The article I quoted was using the naming system according to Fig. 2. I don't think these terms are generally interchangeable though. That's why the numbers help out here.

The EGFR+ subgroup also has large error bars but is shifted more to the right and cannot exclude statistically that as a group durvalumab does more harm than good.

Thank you for digging up Dr. West's quote on the favourability of TKI treatment for your wife's situation.

I am not a doctor but if I were in your shoes I think about leaning to surveillance, and go to TKI if there were still evidence of disease at scans sufficiently past chemoradiation. This can buy a lot of time. Possibly years. Then I would look at progress on developments referred to at the end of this publicly available article

Navigating the “No Man's Land” of TKI-Failed EGFR-Mutated Non–Small Cell Lung Cancer (NSCLC): A Review

publicly available at: https://www.sciencedirect.com/science/article/pii/S1476558617304700
[Neoplasia, Volume 20, Issue 1, January 2018, Pages 92-98. open access]

Edited to ad: From what I have read activating mutations do not go away with treatment. Rather, what happens is that new mutations accumulate.

cubety
onthemark, luckily we still

onthemark, luckily we still have weeks to decide. One semi-small worry I would have is if my wife harbors BIM protein deletion. This deletion is rare in Caucasian populations but is close to 15% in Vietnamese population I believe.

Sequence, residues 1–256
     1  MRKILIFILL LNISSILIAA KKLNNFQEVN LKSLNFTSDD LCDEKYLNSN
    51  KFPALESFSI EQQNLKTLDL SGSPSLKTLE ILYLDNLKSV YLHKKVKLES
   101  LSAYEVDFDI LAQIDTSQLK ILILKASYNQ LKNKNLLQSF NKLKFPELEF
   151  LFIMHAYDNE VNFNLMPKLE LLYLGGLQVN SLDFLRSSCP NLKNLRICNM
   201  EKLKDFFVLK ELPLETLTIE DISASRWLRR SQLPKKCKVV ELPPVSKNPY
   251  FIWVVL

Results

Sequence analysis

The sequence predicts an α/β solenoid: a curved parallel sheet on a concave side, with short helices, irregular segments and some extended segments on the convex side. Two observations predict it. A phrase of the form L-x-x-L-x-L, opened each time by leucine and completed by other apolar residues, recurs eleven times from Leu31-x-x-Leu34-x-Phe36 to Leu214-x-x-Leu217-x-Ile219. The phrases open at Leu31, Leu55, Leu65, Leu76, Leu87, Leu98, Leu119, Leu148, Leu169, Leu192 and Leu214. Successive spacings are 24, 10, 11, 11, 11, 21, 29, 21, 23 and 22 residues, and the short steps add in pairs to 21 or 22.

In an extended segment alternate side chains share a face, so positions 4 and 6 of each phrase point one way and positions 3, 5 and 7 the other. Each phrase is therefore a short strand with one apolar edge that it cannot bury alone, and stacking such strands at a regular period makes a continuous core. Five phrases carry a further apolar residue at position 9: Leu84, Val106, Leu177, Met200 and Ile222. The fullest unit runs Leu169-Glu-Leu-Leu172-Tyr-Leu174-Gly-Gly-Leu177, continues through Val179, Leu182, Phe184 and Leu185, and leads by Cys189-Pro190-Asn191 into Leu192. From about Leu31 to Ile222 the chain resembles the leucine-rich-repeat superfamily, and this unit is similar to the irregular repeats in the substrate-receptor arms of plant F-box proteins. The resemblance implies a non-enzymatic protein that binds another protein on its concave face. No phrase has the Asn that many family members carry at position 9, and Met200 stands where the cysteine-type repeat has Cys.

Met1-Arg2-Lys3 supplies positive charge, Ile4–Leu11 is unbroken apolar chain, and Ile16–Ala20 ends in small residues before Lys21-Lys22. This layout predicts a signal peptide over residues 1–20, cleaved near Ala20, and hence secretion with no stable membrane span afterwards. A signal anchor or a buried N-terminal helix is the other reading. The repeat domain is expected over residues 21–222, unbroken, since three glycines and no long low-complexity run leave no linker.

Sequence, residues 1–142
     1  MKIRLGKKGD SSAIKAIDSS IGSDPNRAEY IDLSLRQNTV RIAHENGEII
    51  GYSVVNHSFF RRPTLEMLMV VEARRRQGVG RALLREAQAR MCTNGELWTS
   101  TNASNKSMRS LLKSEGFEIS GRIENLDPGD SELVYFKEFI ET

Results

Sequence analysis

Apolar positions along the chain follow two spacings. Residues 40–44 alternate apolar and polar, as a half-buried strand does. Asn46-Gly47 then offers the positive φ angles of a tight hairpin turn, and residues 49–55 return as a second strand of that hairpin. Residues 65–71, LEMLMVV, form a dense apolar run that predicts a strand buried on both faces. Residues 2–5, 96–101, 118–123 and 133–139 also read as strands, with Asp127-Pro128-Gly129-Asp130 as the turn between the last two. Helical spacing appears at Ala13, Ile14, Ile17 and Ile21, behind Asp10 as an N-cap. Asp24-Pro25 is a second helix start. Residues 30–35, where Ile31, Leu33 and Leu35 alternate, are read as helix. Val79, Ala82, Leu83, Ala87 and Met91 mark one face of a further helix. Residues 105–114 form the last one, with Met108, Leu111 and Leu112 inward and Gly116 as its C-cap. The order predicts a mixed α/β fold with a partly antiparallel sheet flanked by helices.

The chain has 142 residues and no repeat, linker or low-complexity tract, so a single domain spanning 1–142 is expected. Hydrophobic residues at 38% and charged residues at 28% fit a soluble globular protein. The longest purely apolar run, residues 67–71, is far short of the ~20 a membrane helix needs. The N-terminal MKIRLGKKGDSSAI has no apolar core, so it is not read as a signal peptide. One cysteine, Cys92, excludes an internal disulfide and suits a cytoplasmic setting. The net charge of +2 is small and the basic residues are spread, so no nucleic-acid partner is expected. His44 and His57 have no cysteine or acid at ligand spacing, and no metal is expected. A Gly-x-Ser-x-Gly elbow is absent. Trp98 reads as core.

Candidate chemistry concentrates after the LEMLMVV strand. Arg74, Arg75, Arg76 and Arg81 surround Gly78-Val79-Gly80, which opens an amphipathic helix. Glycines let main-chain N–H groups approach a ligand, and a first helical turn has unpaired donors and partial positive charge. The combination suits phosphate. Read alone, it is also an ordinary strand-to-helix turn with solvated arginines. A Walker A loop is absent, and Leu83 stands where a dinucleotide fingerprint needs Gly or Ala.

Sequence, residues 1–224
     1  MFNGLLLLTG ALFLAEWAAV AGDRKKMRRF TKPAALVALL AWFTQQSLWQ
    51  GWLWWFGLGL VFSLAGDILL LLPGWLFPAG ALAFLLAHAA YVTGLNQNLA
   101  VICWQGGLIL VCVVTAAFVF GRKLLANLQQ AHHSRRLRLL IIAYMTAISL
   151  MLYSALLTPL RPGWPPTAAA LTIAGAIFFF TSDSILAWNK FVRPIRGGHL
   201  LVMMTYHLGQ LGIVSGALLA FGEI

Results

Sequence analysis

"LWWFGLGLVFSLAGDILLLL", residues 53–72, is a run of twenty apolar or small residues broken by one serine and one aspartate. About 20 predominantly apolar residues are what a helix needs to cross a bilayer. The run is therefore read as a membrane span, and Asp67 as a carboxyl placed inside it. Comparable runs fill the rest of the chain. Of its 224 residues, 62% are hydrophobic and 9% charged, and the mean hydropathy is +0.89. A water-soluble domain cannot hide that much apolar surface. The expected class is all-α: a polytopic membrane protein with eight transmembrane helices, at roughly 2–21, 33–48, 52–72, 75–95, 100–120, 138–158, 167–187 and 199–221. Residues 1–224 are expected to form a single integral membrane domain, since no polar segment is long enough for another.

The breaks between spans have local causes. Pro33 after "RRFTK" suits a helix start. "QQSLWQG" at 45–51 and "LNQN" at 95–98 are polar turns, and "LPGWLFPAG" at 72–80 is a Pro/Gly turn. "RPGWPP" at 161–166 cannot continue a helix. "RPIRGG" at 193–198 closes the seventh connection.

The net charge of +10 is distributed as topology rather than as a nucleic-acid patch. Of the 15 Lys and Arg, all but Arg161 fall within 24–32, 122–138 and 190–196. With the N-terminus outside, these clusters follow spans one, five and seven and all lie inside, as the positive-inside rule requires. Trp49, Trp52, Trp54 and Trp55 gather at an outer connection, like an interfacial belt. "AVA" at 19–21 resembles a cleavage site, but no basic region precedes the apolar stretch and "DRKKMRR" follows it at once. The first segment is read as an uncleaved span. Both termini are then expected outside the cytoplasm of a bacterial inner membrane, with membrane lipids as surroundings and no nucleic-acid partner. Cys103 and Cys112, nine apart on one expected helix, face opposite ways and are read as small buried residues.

Here is a real quick blurb on BIM. I think BIM deletion potentially interferes with TKI's mechanism to inhibit EGFR mutation cell growth.

http://europepmc.org/articles/PMC4132037

On another note, the Dr West UCLA study video you linked to me mentioned one responder that did quite well on an immunotherapy drug and that it was found out they were wild type. Possibly the Pacific trial had a few wild type and they were the reason for such a large slant to the left in response (I have no idea but have not been able to locate whether any EGFR+ people were wild type in Pacific)?

IF that were the case, it would beg the question in my mind do EGFR wild type people look to have an oversized boost to immunotherapy potentially compared to mutated and maybe even some other NSCLC forms?

Thank you again for your very thorough and thought provoking information!

onthemark
Hi Cubety

Hi Cubety

"Wild type" just means the person doesn't have the mutant form. In the case we are discussing it means that all the people who are not EGFR+ are "EGFR wild type".

Thank you for mentioning BIM. I'll look into it as it is not something I am familiar with.

cubety
Thank you for clarity on EGFR

Thank you for clarity on EGFR wild type, I have a steep learning curve process to go thru :). It does make the far left responders look interesting given the history of EGFR+ mutations and immunotherapy generally.

onthemark
Hi Cubety,

Hi Cubety,

I also found the same range of percentage of Asian people with BIM deletion polymorphism. But it seems to be an open question whether it affects clinical response to TKIs and overall survival for all populations. See the June 2015 publicly available research paper which looked at a relevant cohort for your wife in Korea: